|Title of host publication||Encyclopedia of Global Archaeology|
|Place of Publication||New York|
|Number of pages||5|
|Publication status||Published - 2014|
One could argue that archaeology is a discipline obsessed with its own history. It is as if the discipline, through studying the material remains of past human populations, feels that this is an obvious part of its mission. Indeed, textbooks, handbooks, regional syntheses, books on theory, and more will greet you with an archaeological history on the given topic within the first few pages. Any general history of archaeology will tell you a version of how it was born, how it developed, and how it changed as new techniques or new theories or perspectives arose. In fact, archaeology and archaeologists cannot be disentangled from social and economic contexts or political orientations and institutions (see Harmansah & Shepherd 2012: 52). When one of these contexts changes so does the discipline by virtue of its reaction to these situations.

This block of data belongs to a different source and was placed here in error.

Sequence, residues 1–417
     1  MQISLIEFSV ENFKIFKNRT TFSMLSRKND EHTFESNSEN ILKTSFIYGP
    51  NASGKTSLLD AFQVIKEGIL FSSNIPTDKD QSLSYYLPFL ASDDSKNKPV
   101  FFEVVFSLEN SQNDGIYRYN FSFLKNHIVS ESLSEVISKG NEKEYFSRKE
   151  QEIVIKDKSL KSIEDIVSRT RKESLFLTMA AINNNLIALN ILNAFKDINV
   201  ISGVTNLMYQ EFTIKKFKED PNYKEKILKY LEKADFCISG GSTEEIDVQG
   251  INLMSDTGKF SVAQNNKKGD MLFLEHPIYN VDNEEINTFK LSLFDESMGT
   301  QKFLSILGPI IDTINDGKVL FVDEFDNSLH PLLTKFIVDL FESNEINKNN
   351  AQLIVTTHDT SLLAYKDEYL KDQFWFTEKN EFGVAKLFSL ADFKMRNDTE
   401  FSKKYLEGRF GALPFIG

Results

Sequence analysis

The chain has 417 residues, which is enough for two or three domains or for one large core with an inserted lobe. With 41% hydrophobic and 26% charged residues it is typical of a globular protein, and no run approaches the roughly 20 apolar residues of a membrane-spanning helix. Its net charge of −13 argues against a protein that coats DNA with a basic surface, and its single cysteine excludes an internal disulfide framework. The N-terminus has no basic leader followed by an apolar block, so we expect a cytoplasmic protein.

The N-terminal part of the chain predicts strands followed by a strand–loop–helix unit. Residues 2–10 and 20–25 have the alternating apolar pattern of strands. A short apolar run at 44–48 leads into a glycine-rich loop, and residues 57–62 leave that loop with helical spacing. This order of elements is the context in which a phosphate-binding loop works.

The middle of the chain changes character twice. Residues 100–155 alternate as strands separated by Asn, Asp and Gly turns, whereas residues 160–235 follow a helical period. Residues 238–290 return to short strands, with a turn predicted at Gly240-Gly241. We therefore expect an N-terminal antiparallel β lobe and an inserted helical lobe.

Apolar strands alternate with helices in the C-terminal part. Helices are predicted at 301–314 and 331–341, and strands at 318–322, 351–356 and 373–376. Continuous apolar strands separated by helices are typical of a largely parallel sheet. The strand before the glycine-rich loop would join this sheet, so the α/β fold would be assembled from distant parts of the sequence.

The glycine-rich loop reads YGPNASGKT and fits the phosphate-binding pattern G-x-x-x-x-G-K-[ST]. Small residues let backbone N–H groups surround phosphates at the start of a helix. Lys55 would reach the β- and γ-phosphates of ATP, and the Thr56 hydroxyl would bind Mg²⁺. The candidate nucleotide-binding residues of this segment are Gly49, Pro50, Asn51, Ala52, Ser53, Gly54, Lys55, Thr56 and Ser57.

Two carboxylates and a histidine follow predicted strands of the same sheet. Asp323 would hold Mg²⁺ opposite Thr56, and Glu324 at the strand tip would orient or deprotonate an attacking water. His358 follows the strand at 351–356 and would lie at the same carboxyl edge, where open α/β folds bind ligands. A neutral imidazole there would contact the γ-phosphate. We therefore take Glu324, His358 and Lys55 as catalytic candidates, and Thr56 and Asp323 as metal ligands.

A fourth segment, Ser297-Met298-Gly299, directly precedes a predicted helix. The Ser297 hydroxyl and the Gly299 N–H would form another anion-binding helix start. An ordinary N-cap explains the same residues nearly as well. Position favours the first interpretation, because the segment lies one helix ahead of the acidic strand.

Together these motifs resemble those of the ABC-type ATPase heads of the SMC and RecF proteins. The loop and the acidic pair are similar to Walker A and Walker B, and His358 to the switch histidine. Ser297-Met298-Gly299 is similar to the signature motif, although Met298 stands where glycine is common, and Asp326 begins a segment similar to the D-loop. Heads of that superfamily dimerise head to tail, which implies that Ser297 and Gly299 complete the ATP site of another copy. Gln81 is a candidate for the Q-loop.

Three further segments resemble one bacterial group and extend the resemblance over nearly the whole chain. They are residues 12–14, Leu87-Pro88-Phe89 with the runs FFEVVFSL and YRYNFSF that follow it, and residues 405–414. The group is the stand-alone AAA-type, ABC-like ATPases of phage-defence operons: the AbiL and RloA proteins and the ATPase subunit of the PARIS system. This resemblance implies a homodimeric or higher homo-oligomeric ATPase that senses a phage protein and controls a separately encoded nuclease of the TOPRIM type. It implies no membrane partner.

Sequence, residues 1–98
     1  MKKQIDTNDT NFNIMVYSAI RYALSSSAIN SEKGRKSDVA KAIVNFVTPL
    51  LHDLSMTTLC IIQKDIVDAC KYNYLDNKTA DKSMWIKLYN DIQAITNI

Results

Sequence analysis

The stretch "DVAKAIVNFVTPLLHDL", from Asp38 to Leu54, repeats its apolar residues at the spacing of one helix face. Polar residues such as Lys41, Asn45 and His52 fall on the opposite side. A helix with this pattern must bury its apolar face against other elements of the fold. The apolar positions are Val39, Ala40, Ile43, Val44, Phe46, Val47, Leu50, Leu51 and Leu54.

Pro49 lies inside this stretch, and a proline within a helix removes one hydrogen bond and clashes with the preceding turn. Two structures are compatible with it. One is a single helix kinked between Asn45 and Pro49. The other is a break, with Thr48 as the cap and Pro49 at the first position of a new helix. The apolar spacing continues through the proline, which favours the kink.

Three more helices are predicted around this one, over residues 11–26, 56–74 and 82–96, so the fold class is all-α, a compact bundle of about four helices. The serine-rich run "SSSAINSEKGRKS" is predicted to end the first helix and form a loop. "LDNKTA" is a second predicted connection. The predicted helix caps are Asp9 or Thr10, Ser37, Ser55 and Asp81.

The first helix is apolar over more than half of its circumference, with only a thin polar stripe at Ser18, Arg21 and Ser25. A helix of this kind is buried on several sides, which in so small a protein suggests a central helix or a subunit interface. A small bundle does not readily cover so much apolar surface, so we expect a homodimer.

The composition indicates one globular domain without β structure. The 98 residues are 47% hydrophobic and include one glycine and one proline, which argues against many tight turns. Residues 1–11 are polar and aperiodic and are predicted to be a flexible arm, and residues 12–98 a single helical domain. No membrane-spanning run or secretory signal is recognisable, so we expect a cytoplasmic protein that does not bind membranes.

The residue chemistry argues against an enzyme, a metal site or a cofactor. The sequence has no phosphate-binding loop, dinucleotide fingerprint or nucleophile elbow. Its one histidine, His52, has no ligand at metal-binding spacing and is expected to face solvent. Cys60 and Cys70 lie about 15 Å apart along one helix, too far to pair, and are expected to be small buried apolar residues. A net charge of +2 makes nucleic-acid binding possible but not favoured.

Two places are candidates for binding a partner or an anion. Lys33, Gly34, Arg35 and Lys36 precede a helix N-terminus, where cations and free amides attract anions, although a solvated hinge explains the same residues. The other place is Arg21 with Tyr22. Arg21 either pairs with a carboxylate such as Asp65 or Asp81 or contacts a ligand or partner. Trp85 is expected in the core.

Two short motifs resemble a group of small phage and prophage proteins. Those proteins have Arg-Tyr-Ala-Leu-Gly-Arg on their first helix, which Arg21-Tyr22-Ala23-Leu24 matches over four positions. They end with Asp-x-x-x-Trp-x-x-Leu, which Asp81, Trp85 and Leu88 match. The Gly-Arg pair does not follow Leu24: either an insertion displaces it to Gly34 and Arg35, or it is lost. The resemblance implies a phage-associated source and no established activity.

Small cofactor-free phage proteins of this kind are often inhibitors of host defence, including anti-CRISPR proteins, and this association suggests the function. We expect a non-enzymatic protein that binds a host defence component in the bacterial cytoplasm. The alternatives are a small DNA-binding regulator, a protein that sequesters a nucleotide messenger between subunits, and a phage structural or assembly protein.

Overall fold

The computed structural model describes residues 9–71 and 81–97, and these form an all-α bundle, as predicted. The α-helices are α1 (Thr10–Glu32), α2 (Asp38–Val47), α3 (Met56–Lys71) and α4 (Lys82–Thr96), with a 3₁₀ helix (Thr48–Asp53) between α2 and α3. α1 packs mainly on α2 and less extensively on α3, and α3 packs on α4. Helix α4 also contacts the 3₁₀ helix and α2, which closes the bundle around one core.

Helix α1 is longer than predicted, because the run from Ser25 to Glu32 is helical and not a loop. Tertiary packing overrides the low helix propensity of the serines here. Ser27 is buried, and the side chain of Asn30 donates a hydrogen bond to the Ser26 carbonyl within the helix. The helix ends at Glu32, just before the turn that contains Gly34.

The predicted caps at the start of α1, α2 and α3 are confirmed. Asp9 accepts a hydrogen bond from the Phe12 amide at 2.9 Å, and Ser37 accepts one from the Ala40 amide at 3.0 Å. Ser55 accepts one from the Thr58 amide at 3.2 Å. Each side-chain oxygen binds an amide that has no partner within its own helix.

Haber, A., & Roberts, A. (2014). Histories of the Archaeological Discipline: Issues to Consider. In C. Smith (Ed.), Encyclopedia of Global Archaeology (pp. 3411-3415). Springer. https://doi.org/10.1007/978-1-4419-0465-2_2335